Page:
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It's 17 years to the day since Luis Garcia scored his famous 'ghost goal' against Chelsea and fans are still not sure whether the ball crossed the line.
Garcia's goal sent Liverpool through to the 2005 Champions League final in Istanbul, where they would come from three goals down to beat AC Milan on penalties in one of the greatest games in history.
Liverpool could book their place in yet another Champions League final this evening if they beat Villarreal in the second leg of their semi-final tie, with Jurgen Klopp's side holding a 2-0 lead from the first leg at Anfield.
Back in 2005, it was Chelsea who were Liverpool's opponents in the last four of the competition.
The first leg at Stamford Bridge had ended in a goalless draw to leave the tie delicately poised heading into the second leg at Anfield.
And it burst into life just four minutes into the reverse fixture on Merseyside.
Liverpool captain Steven Gerrard played a chipped through-ball over the top of the Chelsea defence, which striker Milan Baros attempted to reach before Blues goalkeeper Petr Cech.
Baros managed to get a touch on the ball before being brought down by Cech in front of the Kop.
As the home fans pleaded for a penalty and a red card, Garcia latched onto the loose ball and directed a shot towards goal which deflected off Chelsea captain John Terry.
William Gallas raced back towards goal to make a desperate clearance on the line as Garcia wheeled away in celebration.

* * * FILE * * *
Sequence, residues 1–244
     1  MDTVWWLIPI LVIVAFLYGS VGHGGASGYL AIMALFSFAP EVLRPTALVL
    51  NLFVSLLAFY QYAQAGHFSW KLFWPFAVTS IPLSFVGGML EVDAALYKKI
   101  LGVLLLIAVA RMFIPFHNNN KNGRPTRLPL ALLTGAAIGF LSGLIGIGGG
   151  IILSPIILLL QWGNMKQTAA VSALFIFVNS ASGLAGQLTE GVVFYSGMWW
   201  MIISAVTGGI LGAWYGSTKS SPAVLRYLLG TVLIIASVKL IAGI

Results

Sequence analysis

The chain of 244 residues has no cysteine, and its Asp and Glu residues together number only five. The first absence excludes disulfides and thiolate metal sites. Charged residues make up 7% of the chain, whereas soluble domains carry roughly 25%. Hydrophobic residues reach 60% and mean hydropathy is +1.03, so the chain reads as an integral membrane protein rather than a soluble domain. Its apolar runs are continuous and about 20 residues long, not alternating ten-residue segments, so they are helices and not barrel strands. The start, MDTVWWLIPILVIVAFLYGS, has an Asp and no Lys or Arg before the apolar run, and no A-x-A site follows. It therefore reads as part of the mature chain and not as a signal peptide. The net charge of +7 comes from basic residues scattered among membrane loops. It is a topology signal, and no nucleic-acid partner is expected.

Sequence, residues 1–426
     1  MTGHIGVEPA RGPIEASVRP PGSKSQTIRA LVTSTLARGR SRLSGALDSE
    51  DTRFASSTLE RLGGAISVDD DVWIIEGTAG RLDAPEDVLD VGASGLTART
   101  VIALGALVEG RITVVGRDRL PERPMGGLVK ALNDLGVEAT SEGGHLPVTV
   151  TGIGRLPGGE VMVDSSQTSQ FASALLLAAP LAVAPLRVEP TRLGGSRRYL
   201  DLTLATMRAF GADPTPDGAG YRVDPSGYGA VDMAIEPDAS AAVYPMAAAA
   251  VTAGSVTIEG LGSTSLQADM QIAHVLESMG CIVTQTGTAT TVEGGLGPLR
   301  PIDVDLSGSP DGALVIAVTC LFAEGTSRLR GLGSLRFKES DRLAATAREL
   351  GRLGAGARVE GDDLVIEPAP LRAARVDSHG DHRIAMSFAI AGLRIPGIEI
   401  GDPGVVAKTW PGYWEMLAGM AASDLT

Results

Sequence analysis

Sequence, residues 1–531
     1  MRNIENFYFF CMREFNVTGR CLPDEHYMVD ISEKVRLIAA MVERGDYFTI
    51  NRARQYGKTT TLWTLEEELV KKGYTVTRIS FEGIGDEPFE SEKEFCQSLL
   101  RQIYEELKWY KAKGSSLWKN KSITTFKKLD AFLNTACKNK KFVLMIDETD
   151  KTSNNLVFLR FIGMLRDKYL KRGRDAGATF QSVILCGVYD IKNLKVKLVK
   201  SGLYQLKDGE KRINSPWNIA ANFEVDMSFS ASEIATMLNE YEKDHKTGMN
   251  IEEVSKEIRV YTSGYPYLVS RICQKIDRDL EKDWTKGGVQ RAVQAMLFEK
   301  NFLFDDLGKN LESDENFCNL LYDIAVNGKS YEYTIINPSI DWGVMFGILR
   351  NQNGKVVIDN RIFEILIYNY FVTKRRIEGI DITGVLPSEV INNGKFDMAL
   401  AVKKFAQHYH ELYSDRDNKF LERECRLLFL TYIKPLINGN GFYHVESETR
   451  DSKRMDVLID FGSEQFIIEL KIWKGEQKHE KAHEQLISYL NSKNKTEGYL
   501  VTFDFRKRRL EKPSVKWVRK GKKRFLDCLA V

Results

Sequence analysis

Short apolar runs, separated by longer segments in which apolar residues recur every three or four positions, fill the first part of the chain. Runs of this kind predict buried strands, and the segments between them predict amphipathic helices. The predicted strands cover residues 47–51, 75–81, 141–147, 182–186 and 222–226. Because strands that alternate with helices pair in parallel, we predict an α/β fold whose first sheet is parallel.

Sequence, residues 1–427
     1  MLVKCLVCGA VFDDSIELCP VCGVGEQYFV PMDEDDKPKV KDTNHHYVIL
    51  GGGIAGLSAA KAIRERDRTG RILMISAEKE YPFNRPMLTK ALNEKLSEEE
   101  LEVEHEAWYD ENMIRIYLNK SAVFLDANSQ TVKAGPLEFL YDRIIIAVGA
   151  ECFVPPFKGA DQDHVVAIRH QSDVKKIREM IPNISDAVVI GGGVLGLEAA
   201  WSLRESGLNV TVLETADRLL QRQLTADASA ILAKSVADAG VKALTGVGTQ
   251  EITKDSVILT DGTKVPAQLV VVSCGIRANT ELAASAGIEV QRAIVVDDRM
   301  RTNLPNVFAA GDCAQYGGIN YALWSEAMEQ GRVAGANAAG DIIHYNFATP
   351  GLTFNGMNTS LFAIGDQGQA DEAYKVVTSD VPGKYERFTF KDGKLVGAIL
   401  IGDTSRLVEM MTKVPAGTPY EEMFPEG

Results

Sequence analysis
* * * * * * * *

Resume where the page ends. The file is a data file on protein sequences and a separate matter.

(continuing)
After a few moments of confusion, the Slovakian referee Lubos Michel signalled that the goal had been given, sending Anfield into a state of euphoria.
Rafael Benitez's side would go on to grind out a 1-0 aggregate win to book their place in the final in Istanbul.
The goal remains hugely controversial to this day, with Chelsea and Liverpool fans in disagreement over whether the ball crossed the line.
Chelsea's manager that day, Jose Mourinho, dubbed it the "ghost goal" after the match and insisted it should not have been given.
"It was a goal that came from the moon – from the Anfield stands," Mourinho said at the time.
"I felt the power of Anfield, it was magnificent. I felt it didn't interfere with my players but maybe it interfered with other people and maybe it interfered with the result."
Mourinho doubled down on those claims in 2019, telling beIN Sports: "Anfield is a magic place to play, it is a beautiful place to play.
"They can even score goals that the players don't score, like it happened in 2005.
"It wasn't Garcia that scored the goal, it was the crowd that scored the goal, but now it isn’t possible with VAR and goal-line technology."
Should the goal have been given? Let us know your thoughts.
Featured Image Credit: Liverpool FC
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